American Gothic is a painting created by Grant Wood. It’s currently in the collection of the Art Institute of Chicago. Wood painted American Gothic in 1930, depicting a farmer standing beside a woman who has been interpreted to be either his wife or daughter. Take a look below for 26 more fascinating and fun facts about the American Gothic painting.
1. The figures in American Gothic were modeled after Wood’s sister, Nan Wood Graham, and their dentist Dr. Byron McKeeby.
2. The woman in the painting is dressed in a colonial print apron evoking 19th century Americana and the main is holding a pitchfork.
3. It’s one of the most popular 20th century American paintings and it has been widely parodied in American popular culture.
4. The painting was displayed at the Musee de l’Orangerie in its first showing outside the United States on October 15, 2016 to January 30, 2017. It was displayed in London at the Royal Academy of Arts from February 25 to June 4, 2017.
5. American Gothic was first submitted to the 1930 annual exhibition at the Art Institute of Chicago, where it won a bronze medal and $300 prize. The Art Institute of Chicago acquired the painting soon after for its collection.
6. Some time after, a picture of the prize winning painting was shown in the Chicago Evening Post, where it gained mass fame and popularity.
7. Before the painting, Wood was an unknown 39 year old aspiring artist, living in the attic of a funeral home carriage house that he shared with his mother and sister.
8. After the success of American Gothic, he became somewhat of a media scamp. He was known for rewriting the history and meaning of his painting to best suit whatever the current trend or narrative was popular. However, his fans because ravenous, often going to his family home and stalking him.
9. The inspiration for the painting came to Wood when he was visiting Eldon, Iowa. There, he saw a little white cottage with a carpenter Gothic window on the second floor that Wood found pretentious. He sketched the house quickly on an envelope, and later used it as the base for what would become American Gothic.
10. The painting combined Americana with European technique.
11. None of the models for the painting posed together. He painted the house, his sister and his dentist all in separate sessions.
12. People in Iowa weren’t happy with the painting. Wood’s portrayal wasn’t how the locals saw themselves, and they resented being presented that way to the world.
13. The meaning behind the painting has shifted with every passing year.
14. Early on, writers like Gertrude Stein and Christopher Morley thought that American Gothic satirized the provincialism of small town America.
15. During the Great Depression, American Gothic was seen as much needed celebration of the nation’s fortitude and spirit.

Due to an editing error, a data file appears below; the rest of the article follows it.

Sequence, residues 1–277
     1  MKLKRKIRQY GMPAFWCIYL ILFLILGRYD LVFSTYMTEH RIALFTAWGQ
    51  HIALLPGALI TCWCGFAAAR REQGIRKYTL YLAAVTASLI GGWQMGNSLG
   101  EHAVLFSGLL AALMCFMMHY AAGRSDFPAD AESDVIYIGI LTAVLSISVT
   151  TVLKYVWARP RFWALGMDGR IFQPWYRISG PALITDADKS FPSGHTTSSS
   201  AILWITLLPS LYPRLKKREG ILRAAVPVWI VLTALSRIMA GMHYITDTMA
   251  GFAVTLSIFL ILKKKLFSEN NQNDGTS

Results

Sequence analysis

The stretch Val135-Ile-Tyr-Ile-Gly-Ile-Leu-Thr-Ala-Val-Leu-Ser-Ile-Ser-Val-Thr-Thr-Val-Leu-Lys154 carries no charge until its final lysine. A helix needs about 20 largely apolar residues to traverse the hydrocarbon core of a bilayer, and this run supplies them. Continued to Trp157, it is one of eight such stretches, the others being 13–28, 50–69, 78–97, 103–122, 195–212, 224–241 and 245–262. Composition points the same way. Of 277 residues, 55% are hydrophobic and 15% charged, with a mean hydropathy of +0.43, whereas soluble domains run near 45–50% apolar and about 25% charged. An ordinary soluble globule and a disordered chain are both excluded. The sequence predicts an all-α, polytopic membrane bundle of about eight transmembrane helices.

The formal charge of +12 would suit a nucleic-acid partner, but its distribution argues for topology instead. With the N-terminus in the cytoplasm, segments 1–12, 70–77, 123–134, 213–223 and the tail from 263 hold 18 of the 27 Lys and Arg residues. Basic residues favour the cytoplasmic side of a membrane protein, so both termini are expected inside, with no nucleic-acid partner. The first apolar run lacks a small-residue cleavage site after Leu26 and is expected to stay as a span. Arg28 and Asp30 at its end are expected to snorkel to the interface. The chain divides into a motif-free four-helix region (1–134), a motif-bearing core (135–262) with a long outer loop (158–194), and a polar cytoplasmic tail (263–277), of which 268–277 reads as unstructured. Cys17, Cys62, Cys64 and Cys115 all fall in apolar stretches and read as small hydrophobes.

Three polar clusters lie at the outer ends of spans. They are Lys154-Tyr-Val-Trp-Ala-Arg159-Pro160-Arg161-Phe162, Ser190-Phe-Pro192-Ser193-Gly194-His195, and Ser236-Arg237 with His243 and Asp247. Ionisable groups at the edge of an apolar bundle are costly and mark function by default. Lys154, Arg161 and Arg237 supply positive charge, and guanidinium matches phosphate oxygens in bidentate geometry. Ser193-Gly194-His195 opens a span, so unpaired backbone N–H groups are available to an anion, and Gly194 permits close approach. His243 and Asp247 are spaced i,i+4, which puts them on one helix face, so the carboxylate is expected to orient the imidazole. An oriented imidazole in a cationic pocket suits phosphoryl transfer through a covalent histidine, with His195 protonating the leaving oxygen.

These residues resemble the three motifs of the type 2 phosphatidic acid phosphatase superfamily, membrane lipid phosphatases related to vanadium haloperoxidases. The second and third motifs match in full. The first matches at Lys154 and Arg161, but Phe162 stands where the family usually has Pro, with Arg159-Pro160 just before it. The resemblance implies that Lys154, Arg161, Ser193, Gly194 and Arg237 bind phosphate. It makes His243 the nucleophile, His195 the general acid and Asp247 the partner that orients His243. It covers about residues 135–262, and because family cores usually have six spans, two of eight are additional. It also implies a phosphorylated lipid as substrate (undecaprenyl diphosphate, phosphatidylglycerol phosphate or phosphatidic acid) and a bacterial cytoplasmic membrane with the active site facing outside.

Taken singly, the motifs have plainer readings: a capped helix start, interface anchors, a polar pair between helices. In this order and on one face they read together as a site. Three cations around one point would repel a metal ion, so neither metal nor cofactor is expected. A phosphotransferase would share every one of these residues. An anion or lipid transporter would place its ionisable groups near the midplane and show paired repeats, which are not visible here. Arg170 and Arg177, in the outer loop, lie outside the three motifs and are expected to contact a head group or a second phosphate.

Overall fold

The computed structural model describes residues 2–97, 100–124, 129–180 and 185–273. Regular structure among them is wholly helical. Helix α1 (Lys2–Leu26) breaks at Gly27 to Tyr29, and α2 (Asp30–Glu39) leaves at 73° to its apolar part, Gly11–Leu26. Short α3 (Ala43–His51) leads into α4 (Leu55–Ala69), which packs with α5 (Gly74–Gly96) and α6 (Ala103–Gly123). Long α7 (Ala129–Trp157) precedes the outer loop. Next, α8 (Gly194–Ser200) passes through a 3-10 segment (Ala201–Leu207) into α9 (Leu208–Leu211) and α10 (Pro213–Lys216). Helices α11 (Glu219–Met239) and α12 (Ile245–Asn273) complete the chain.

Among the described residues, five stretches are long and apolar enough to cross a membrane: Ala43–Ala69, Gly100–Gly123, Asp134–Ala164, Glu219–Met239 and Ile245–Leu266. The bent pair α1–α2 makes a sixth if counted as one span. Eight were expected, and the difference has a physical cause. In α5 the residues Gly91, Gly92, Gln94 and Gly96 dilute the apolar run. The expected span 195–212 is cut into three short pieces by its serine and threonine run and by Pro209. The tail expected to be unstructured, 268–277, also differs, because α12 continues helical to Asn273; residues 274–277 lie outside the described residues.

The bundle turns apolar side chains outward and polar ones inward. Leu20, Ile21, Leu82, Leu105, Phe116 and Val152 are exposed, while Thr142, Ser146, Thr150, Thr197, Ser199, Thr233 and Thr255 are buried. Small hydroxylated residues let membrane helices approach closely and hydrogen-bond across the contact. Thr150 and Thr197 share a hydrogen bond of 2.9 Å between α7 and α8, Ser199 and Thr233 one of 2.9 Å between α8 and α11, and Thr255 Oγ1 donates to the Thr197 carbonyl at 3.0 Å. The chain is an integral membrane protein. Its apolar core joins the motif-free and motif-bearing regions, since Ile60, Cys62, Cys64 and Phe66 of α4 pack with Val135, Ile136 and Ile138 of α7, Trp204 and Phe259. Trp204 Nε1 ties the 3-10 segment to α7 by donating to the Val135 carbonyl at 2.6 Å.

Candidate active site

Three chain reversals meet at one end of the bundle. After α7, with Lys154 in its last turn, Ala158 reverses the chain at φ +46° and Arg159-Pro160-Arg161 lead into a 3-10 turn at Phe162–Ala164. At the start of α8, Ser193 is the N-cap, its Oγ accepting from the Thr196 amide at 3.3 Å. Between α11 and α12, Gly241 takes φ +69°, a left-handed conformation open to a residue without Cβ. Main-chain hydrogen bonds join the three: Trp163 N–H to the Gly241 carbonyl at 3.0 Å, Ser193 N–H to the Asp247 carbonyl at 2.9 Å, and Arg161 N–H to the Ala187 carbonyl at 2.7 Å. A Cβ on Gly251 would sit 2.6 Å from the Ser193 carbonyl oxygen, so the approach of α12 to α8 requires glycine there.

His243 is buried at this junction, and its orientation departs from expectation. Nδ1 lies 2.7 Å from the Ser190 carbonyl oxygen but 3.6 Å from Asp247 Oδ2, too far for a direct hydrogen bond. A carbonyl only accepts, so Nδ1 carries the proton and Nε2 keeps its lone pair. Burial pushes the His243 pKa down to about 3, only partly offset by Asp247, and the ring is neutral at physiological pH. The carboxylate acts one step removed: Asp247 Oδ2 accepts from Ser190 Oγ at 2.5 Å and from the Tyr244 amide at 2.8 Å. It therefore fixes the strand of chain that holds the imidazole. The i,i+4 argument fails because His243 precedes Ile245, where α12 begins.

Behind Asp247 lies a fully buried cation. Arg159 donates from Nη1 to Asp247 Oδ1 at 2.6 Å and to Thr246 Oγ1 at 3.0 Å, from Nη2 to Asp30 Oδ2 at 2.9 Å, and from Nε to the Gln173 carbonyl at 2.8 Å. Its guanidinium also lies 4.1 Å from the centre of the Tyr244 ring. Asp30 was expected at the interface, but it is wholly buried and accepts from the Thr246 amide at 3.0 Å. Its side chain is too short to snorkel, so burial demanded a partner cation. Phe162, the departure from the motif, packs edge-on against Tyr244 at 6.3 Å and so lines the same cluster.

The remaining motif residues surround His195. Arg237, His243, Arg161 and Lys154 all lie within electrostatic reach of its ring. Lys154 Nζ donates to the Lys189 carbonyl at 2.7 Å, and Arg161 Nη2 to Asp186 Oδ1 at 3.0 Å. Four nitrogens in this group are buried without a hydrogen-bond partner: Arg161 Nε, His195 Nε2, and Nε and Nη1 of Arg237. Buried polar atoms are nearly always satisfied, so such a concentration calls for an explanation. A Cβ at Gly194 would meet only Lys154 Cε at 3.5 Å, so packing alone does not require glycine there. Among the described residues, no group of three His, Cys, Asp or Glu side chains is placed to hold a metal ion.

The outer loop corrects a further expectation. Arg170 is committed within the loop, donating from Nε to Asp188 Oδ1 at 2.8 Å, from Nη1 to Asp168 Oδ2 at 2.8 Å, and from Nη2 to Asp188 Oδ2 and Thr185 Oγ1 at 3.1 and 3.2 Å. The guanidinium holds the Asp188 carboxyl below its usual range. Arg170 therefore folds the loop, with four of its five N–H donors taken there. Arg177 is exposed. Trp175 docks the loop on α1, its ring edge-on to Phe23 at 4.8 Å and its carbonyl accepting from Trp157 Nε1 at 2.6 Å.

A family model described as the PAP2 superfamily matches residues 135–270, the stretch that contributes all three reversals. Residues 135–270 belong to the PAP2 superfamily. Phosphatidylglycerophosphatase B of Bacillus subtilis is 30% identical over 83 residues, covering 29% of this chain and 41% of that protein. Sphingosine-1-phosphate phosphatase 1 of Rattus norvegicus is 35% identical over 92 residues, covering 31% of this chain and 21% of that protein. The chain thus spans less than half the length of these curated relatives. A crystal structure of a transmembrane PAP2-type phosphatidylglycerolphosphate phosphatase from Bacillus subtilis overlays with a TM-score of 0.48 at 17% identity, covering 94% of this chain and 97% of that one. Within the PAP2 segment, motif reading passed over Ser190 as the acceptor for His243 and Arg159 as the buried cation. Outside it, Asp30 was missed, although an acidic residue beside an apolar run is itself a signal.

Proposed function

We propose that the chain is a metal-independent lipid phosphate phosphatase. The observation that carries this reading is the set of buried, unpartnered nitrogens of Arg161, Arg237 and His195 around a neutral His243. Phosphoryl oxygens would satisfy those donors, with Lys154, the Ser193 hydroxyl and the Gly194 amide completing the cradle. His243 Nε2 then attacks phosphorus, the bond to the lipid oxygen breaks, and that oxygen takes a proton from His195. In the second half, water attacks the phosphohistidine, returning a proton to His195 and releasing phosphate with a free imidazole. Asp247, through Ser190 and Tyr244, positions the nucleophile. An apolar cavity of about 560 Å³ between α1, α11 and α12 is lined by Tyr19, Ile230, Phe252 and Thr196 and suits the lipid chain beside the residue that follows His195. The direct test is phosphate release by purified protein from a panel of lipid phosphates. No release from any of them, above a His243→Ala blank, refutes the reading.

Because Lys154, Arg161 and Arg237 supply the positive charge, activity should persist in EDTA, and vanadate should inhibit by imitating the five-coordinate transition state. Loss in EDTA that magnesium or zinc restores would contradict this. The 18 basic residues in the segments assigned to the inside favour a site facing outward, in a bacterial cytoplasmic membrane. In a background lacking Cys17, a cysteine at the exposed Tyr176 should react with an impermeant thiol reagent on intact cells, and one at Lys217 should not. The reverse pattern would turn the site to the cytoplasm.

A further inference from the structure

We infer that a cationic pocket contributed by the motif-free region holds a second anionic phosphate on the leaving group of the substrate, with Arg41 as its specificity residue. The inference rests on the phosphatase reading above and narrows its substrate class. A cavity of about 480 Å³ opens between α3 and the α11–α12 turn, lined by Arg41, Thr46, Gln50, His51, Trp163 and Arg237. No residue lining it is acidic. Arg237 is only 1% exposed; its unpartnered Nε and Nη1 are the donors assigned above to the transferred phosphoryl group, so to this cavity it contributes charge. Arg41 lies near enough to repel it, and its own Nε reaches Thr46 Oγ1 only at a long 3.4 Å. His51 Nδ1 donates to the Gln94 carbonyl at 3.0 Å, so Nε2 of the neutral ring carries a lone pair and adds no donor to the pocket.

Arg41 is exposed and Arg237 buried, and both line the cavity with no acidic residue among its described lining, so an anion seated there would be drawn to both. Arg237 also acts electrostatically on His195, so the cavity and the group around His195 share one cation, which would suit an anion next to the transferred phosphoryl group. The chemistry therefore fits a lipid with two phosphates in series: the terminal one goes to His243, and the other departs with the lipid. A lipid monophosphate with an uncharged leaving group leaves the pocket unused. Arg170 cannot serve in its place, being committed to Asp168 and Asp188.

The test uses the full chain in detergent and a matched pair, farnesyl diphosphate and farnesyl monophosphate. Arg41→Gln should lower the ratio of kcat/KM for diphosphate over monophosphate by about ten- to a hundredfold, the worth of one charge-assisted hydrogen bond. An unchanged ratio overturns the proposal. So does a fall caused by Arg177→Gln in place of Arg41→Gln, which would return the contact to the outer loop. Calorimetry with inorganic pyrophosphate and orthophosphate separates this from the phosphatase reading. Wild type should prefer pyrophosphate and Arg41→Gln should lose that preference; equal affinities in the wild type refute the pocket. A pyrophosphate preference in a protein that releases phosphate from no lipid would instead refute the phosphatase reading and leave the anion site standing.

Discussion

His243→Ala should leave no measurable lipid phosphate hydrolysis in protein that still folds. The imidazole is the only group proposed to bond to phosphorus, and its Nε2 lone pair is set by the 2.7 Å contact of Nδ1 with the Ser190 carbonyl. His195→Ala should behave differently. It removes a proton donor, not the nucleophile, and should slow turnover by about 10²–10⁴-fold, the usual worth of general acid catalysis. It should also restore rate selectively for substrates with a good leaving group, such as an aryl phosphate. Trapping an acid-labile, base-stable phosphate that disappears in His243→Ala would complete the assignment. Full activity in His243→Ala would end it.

16. Wood gave a statement for the meaning behind the painting as well. He said, “there is satire in it, but only as there is satire in any realistic statement. These are types of people I have known all my life. I tried to characterize them truthfully – to make them more like themselves than they were in actual life.”
17. Wood’s signature is very well hidden in the painting. To find it, you have to look in the bottom right corner of the farmer’s overalls and you’ll see his name painted along with the canvas medium and the year in a pale blue color.
18. American Gothic, among other paintings at the time, fueled the rise of Regionalism. Regionalism was an American realist modern art movement that shunned urbanism in favor of the glories found in rural settings.
19. The house portrayed in American Goth is now a tourist attraction. It was built in 1881 by Catherine and Charles Dibble and it was passed through owners for more than a century. It was donated by Carl Smith to the State Historical Society of Iowa in 1991.
20. The house is currently a museum celebrating Wood and the painting that made him and the house famous.
21. While Wood found the windows of the house pretentious, they were hinged so the family could easily move large furniture in and out.
22. Over the years, every single element in the painting has been mined for meaning. For example, some observers have suggested that the man pictured is not a farmer but a preacher using the pitchfork as a prop to rail against the devil and his dangers.
23. The Depression era understanding of the painting as a depiction of an authentically American scene prompted the first well known parody, a 1942 photo by Gordon Parks of cleaning woman Ella Watson, show in Washington, D.C.
24. American Gothic has been lampooned in Broadway shows such as The Music Man, movies such as The Rocky Horror Picture Show, television shows such as Green Acres and The Dick Van Dyke Show.
25. The number 3 makes a couple of appearances in the painting. For example, the farmer’s pitchfork has 3 prongs, and the 3 lines also show up on the farmer’s overalls, his face and the window of the farmhouse.
26. At one point, Wood defending himself from angry Iowans by saying that he liked hard working Americans and that’s why he did the painting.